But I wore my brother's hand-me-down underwear, and the girl at church's hand me down clothes, and school breakfast and lunch were, on most days, the only food we saw, and I was being raised as a good little subservient cult member, and I was either getting the shit beat out of me mentally or physically, depending on the amount of coffee brewed on any given day, at home, or watching it happen to my brother. I had the self-esteem of your common household ant-trap. And I had, like, one friend. Maybe.


I was not a popular child.  I was the elementary school's class graduating class of 1985's whipping post. I still have nightmares about elementary school, not kidding.


Part of the thing with being raised all culty is that we didn't celebrate holidays. Any of them. Ever. So I got to spend an extra super fabulous day at home every time Christmas parties or Halloween parties or Valentine's Day parties rolled around. And I didn't really care so much. I was so thoroughly brainwashed that I pitied the fools who were damning themselves for eternity with their cotton ball Christmas trees and their Berry Berry Kix garland strings. But still, none of it helped my feeling that I was standing outside of my childhood, looking in. I could see what being a kid was, I just could never touch it. I was never a part of the world I lived in, and that is a hard way to be a kid.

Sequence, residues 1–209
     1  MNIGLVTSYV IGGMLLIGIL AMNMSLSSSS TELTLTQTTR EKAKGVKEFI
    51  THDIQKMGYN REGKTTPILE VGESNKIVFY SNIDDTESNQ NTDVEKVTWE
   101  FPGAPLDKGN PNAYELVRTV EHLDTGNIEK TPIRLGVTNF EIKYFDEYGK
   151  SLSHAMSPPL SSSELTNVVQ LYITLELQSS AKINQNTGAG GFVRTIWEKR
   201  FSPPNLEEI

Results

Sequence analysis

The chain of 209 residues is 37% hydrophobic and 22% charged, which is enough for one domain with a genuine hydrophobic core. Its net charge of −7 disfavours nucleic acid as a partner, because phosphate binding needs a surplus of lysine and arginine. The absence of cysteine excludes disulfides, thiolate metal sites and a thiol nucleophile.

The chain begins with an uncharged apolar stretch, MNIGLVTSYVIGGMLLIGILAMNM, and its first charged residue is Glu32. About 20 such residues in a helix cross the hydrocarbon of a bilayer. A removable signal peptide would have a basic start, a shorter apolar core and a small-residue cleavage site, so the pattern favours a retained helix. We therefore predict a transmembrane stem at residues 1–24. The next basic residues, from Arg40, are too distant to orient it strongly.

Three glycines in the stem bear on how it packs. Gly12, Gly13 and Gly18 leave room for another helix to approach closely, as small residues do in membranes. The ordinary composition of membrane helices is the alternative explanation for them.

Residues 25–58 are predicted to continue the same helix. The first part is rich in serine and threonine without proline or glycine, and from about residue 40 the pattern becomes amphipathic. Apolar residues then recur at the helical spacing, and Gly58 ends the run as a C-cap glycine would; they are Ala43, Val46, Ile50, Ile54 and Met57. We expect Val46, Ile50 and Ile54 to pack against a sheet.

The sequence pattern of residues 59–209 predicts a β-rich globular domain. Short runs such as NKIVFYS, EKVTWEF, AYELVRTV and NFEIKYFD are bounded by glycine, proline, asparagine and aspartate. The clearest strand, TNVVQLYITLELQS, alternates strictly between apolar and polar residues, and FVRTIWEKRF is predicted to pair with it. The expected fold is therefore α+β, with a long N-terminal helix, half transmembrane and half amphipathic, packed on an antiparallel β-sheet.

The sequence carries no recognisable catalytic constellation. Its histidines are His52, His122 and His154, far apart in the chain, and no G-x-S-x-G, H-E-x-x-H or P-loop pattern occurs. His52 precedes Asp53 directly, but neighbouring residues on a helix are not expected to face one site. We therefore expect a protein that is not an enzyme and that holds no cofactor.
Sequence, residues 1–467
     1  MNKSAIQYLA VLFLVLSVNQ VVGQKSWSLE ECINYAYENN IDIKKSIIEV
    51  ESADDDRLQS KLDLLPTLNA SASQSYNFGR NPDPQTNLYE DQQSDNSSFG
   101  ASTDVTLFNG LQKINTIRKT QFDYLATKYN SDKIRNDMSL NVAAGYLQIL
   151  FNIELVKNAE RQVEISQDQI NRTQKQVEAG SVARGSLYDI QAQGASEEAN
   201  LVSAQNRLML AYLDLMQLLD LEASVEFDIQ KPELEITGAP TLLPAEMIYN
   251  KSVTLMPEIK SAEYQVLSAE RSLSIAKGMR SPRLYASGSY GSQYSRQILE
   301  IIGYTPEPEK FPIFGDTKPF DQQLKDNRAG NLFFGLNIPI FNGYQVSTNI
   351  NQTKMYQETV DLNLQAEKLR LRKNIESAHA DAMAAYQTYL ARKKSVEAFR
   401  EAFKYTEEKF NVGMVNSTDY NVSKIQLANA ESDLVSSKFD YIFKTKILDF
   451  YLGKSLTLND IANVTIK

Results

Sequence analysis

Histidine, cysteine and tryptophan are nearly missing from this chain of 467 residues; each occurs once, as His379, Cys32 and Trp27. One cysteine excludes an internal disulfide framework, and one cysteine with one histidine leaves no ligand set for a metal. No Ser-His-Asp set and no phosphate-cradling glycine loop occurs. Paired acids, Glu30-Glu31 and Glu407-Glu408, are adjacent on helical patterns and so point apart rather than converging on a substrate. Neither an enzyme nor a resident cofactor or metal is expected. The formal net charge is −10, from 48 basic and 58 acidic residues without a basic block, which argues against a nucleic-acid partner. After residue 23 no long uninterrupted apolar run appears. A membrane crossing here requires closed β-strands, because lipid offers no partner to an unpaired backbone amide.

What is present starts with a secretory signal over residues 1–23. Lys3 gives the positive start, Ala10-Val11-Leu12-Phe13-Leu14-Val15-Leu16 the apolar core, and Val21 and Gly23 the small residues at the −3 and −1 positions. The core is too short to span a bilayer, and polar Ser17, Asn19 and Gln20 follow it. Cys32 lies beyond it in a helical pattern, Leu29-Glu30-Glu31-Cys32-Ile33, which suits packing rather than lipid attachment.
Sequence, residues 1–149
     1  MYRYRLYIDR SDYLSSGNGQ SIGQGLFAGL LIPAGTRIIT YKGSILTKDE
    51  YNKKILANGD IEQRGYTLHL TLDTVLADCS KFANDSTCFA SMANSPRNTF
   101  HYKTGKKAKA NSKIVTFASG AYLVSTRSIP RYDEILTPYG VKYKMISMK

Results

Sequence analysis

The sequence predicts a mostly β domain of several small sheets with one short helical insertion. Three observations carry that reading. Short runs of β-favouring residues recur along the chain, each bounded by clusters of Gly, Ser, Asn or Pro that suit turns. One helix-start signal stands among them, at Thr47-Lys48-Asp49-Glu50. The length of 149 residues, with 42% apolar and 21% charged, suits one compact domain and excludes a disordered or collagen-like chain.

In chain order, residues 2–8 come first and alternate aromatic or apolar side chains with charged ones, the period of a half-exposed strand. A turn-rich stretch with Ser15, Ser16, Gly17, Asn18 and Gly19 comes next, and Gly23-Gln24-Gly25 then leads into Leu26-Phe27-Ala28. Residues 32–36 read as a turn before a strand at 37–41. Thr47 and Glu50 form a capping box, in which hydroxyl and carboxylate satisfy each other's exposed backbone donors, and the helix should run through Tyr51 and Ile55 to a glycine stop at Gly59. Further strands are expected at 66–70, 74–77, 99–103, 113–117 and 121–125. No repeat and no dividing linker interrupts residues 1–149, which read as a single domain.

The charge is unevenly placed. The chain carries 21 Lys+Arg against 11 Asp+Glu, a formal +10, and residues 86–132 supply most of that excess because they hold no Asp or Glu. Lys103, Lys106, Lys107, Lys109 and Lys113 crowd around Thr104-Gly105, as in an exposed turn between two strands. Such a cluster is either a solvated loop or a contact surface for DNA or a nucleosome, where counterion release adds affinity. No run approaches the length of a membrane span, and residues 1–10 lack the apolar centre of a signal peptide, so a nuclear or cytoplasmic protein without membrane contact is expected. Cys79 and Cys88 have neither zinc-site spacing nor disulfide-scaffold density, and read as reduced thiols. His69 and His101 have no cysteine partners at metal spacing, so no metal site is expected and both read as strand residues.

My teachers were always respectful enough of my mother's my beliefs that they never made me a Jack O' Lantern for the wall, and I never had a picture on a construction paper bulb hanging on the foam core Christmas tree. They always excused me to the library with a smile and a nod when there were Evil Pagan Holiday things to be done in class. At least I had an out....Ash, the kid next to me who didn't stop farting for 4 years straight, he just had to sit there and take it over glitter glue festivities.